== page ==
Currently, in Timor-Leste (East Timor), the main challenges for women continue to be deep poverty, domestic violence, and lack of a recognition of women’s contribution to the political, economic, and social spheres. Economic empowerment is particularly crucial as conflict during the Indonesian occupation and violence, following the popular consultation on independence in 1999, left nearly half of all Timorese women widowed and thus, the sole providers for their families.
The project, Hakbiit Feto (Empower Women), will contribute to creating increased respect for fundamental human rights by supporting and strengthening the role of women as key agents for sustainable development and change, particularly those that are the most vulnerable. The initiative formally got underway at the start of March 2021, with the aim to promote social inclusion and economic opportunities for women in Timor-Leste and strengthen the capacity for local civil society organizations (CSOs) to operate effectively. This press release is presented in place of an official face-to-face launch due to current COVID-19 restrictions in Dili.
With a grant from the European Union of $869,565USD, and a contribution from the Austrian Development Cooperation (ADC) of $38,587USD, ADRA and Rede Feto are teaming up to implement this four-year project in the municipalities of Ainaro, Bobanaro, Baucau, and Dili. The initiative will help 45 CSOs to create gender awareness and inclusion programs, and support female heads of households in production, processing, trading, saving, and loan activities.
Hakbiit Feto’s main objective is to empower women socially and economically. It will provide education on climate-smart agriculture, organic production methods, business basic literacy and numeracy, and facilitating farmers’ access to microfinance so they can access the markets. To boost the productivity and sales of women farmers it will provide a mobile application that will give real-time and reliable information on markets, prices, vendors as well as weather and soil quality.
“Equality between women and men is a fundamental principle of the European Union. Ensuring equality is one of our core objectives, and this is an important battle to fight, both inside and outside the EU. By investing in Timorese women’s economic empowerment, we are creating a direct path towards gender equality, overcoming poverty, and inclusive economic growth. Women make an enormous contribution to the Timorese economy, whether in businesses, on farms, as entrepreneurs or employees, or by doing unpaid care work at home. Civil society organizations like ADRA and Rede Feto are often best placed to work at the local level to unlock the power of women and to underline the added value of having women adequately represented in society. I am very proud to launch the Hakbiit Feto project in Timor-Leste”, said Mr. Andrew Jacobs, European Union Ambassador to Timor-Leste.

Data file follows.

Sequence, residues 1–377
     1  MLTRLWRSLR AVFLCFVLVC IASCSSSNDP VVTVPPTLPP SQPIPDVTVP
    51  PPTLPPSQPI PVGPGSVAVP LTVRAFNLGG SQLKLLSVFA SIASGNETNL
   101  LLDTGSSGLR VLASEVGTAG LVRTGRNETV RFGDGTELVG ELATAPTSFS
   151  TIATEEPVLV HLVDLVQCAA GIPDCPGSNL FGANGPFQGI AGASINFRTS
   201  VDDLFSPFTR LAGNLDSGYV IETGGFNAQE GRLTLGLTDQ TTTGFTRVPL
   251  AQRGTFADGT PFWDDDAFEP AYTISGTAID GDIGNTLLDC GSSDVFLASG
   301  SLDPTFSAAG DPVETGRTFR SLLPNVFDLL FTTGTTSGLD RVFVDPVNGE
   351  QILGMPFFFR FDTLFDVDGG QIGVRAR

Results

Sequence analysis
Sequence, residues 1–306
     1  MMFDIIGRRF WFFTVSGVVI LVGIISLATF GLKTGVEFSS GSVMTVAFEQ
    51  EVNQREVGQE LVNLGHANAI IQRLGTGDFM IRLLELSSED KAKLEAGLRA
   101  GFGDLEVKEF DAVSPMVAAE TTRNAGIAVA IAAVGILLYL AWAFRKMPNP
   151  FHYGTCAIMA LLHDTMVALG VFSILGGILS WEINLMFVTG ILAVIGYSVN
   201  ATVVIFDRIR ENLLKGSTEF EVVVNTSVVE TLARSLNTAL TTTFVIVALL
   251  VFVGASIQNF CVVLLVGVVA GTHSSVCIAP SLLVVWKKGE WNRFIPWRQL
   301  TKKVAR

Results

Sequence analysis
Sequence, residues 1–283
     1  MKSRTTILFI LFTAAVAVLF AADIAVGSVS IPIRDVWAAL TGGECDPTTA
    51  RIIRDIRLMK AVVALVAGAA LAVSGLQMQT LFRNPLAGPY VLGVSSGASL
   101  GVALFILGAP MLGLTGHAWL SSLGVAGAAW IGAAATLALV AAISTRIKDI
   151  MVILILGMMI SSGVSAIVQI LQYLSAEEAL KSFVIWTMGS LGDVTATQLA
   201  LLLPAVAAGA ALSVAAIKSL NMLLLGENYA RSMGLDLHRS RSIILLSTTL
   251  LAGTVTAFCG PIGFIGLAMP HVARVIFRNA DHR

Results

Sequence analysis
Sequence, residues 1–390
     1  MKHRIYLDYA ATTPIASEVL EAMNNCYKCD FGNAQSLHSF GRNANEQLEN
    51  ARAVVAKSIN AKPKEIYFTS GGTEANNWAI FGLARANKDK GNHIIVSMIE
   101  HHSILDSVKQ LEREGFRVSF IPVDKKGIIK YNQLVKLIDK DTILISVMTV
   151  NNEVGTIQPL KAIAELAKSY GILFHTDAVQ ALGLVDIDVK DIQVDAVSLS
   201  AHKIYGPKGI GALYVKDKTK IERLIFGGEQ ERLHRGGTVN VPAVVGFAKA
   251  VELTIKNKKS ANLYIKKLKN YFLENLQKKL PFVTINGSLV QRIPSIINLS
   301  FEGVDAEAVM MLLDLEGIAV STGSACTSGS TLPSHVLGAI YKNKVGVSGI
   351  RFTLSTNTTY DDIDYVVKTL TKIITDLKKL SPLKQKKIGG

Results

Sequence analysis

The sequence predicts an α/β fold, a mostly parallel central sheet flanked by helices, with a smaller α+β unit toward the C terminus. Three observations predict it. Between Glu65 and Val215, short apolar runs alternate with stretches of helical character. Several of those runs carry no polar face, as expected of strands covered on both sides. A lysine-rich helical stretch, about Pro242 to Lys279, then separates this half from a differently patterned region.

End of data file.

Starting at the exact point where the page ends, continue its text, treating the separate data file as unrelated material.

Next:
“Rede Feto Timor-Leste has a strong commitment to implement this new project and we believe in all partners. We are thankful to the European Union through ADRA Timor-Leste in their trust to work together with Rede Feto in the Hakbiit Feto Project '', said Zelia Fernandes, Board Chair of Rede Feto Timor-Leste.
“Women, in particular, will experience the positive effects of our initiative by being able to enter a marketplace previously closed to them and providing dependable income, self-reliance, and even safety, to them and their children. Connectedness is one of ADRA’s core values. Connected to our CSO partners, and strengthening their reach and collaboration, we are committed to empowering women; individually, but also organized in community-based organizations such as village savings, and loan schemes, in groups for agricultural production and processing, as well as for collective marketing“, said Marcel Wagner, Country Director of ADRA Austria.
While 80% of Timorese depend on subsistence agriculture as the primary source of income, productivity returns on agriculture labor are 75%-80% lower than agriculture productivity in most South-East Asian countries. Lack of employment and alternate livelihood opportunities, especially among women, are major causes for poverty and vulnerability. The uptake of microfinance is only 5% nationally. Women tend to have less access and control over productive assets and labor-saving equipment, and smaller/more-localized trading networks than men.